Keep your friends close, and your enemies closer: Turkey and Israel's approaches to incorporation of religion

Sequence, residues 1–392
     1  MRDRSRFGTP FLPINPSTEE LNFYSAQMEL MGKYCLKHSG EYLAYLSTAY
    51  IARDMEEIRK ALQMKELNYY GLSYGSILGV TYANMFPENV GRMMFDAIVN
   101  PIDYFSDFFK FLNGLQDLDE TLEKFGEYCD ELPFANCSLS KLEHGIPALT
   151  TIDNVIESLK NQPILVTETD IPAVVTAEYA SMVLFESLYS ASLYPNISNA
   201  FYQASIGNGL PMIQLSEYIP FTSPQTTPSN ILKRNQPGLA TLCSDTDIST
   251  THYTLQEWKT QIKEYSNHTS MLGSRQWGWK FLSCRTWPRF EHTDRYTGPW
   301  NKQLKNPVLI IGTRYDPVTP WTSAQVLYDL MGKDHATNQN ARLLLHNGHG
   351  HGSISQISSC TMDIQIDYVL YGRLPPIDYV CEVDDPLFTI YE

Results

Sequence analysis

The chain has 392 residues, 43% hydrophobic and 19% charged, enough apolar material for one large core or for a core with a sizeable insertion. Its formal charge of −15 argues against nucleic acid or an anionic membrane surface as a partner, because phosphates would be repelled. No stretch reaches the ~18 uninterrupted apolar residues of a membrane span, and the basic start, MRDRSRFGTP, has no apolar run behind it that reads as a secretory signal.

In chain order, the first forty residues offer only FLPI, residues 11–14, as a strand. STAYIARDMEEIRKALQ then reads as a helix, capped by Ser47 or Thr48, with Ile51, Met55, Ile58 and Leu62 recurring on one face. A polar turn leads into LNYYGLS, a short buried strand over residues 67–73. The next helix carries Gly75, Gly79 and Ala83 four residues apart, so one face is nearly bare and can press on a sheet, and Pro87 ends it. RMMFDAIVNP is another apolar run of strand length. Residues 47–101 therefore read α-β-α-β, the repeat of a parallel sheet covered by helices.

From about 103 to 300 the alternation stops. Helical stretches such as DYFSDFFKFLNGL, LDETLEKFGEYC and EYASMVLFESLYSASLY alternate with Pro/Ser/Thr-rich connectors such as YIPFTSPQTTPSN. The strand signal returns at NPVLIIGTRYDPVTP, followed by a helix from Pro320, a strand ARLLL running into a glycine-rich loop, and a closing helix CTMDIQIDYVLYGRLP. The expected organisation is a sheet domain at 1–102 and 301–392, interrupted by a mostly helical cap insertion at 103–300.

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In contemporary world affairs, it is seemingly impossible to separate religion from politics. Turkey and Israel are often pointed to as states that still struggle with balancing religious and secular forces. Both Turkey and Israel's independence era leaders desired secular, modern republics, looking to French laicism as a method to subordinate religion from the state, but unlike France, neither was able to accomplish this goal. How did this come to be? I argue that the compromises of Turkish and Israeli independence-era secular leaders with religious advocacy coalitions which established Religious Ministries as a quick policy solution inadvertently paved the way for religion to exert a central influence. Through such ministries, religious groups were able to enshrine particular strains of Islam and Judaism along with their particular conceptions of citizenship based on ethno-religious grounds in place of initial republican ideals. This pull between rival definitions of citizenship--secular and religious--would go on to define debates for decades. Using the complementary lenses of historical and discursive institutionalism I will trace the processes by which particular conceptualizations of citizenship were reached by advocacy coalitions of secular and conservative forces, how these philosophies became the basis for institutions, and how those institutions went on to constrain future interpretations.